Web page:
Eating on the wild side: the pharmacologic, ecologic, and social implications of using noncultigens

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Nina Lilian Etkin
University of Arizona Press, 1994 - Health & Fitness - 305 pages
People have long used wild plants as food and medicine, and for a myriad of other important cultural applications. While these plants and the foraging activities associated with them have been dismissed by some observers as secondary or supplementary--or even backward--their contributions to human survival and well-being are more significant than is often realized. "Eating on the Wild Side" spans the history of human-plant interactions to examine how wild plants are used to meet medicinal, nutritional, and other human needs. Drawing on nonhuman primate studies, evidence from prehistoric human populations, and field research among contemporary peoples practicing a range of subsistence strategies, the book focuses on the processes and human ecological implications of gathering, semidomestication, and cultivation of plants that are unfamiliar to most of us. Contributions by distinguished cultural and biological anthropologists, paleobotanists, primatologists, and ethnobiologists explore a number of issues such as the consumption of unpalatable and famine foods, the comparative assessment of aboriginal diets with those of colonists and later arrivals, and the apparent self-treatment by sick chimpanzees with leaves shown to be pharmacologically active. Collectively, these articles offer a theoretical framework emphasizing the cultural evolutionary processes that transform plants from wild to domesticated--with many steps in between--while placing wild plant use within current discussions surrounding biodiversity and its conservation. "Eating on the Wild Side" makes an important contribution to our understanding of the links between biology and culture, describing the interface between diet, medicine, and natural products. By showing how various societies have successfully utilized wild plants, it underscores the growing concern for preserving genetic diversity as it reveals a fascinating chapter in the human ecology. CONTENTS 1. The Cull of the Wild, Nina L. Etkin
2. Agriculture and the Acquisition of Medicinal Plant Knowledge, Michael H. Logan & Anna R. Dixon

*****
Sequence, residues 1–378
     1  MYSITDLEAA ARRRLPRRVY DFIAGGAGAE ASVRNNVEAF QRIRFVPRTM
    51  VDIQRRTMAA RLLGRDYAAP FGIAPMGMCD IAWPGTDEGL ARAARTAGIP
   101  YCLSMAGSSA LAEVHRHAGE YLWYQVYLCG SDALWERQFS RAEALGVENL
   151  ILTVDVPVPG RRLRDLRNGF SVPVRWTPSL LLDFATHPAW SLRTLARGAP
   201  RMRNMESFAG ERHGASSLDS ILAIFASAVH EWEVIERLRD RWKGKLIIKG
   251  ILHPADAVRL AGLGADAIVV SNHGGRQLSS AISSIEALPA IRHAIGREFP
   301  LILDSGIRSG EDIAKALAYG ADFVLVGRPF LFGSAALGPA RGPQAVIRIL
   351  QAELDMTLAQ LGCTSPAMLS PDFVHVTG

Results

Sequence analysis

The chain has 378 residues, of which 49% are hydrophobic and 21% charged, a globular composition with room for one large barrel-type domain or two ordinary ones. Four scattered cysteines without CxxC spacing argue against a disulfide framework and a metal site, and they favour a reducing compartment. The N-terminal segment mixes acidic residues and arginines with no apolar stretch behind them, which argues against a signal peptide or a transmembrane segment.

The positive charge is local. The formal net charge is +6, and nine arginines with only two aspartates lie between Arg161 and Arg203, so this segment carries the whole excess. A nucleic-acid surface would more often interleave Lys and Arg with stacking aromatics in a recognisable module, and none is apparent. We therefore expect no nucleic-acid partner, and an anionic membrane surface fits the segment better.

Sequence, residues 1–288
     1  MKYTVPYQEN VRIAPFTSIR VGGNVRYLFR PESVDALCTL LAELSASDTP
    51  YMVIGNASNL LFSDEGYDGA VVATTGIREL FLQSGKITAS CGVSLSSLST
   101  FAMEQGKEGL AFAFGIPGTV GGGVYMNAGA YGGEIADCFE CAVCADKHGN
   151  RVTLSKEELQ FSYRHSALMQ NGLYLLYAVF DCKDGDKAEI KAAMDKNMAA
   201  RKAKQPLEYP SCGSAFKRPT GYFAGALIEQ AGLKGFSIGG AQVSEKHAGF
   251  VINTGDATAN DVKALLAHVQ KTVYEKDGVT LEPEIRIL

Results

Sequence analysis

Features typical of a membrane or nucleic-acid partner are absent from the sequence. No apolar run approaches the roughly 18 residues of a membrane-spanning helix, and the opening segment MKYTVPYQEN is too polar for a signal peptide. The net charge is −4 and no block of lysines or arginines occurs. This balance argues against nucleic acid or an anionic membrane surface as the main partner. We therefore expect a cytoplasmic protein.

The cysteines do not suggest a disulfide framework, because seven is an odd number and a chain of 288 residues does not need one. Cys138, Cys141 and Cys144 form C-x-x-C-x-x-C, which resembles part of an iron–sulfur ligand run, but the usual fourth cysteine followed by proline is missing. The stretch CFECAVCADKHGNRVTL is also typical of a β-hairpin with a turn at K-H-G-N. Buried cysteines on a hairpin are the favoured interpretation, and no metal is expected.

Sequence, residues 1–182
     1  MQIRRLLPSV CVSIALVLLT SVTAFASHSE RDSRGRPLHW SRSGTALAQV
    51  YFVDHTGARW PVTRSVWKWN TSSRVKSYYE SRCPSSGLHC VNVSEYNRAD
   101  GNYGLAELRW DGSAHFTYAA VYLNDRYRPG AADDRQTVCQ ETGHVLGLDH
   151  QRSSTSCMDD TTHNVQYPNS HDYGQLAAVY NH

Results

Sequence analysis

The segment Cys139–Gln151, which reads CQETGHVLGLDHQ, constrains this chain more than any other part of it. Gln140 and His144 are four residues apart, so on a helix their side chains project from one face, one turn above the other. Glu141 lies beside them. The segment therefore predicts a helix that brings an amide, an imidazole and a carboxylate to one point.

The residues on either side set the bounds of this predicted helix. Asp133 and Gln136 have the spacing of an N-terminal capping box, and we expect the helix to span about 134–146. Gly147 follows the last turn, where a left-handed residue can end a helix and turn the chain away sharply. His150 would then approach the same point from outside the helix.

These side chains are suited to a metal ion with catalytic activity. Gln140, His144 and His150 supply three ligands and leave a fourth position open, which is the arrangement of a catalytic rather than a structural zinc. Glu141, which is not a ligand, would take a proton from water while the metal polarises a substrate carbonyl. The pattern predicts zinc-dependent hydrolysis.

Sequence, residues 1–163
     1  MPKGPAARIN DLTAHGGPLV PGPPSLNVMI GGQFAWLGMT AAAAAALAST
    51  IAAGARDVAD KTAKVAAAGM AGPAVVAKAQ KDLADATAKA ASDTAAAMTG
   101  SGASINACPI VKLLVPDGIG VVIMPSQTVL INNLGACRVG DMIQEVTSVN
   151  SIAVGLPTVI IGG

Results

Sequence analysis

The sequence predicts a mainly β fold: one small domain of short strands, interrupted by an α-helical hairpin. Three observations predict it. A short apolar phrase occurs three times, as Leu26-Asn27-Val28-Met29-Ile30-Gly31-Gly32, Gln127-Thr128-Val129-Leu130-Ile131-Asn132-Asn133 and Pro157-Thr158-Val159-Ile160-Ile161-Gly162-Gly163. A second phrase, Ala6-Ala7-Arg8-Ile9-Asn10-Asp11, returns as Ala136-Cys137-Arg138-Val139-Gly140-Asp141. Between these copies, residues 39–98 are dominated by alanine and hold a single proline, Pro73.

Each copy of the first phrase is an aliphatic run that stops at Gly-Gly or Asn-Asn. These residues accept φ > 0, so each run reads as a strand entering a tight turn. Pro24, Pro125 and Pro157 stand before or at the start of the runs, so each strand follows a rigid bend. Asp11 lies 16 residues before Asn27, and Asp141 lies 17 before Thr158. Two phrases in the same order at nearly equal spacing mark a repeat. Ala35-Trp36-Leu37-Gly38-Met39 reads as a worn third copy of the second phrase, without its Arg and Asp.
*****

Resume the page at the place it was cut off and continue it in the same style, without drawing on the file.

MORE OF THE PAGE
3. Ambivalence to the Palatability Factors in Wild Food Plants, Timothy Johns
4. Wild Plants as Cultural Adaptations to Food Stress, Rebecca Huss-Ashmore & Susan L. Johnston Physiologic Implications of Wild Plant Consumption
5. Pharmacologic Implications of "Wild" Plants in Hausa Diet, Nina L. Etkin & Paul J. Ross
6. Wild Plants as Food and Medicine in Polynesia, Paul Alan Cox
7. Characteristics of "Wild" Plant Foods Used by Indigenous Populations in Amazonia, Darna L. Dufour & Warren M. Wilson
8. The Health Significance of Wild Plants for the Siona and Secoya, William T. Vickers
9. North American Food and Drug Plants, Daniel M. Moerman Wild Plants in Prehistory
10. Interpreting Wild Plant Foods in the Archaeological Record, Frances B. King
11. Coprolite Evidence for Prehistoric Foodstuffs, Condiments, and Medicines, Heather B. Trigg, Richard I. Ford, John G. Moore & Louise D. Jessop Plants and Nonhuman Primates
12. Nonhuman Primate Self-Medication with Wild Plant Foods, Kenneth E. Glander
13. Wild Plant Use by Pregnant and Lactating Ringtail Lemurs, with Implications for Early Hominid Foraging, Michelle L. Sauther Epilogue
14. In Search of Keystone Societies, Brien A. Meilleur

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The Cull of the Wild
Agriculture and the Acquisition of Medicinal Plant Knowledge
Ambivalence to the Palatability Factors in Wild Food Plants

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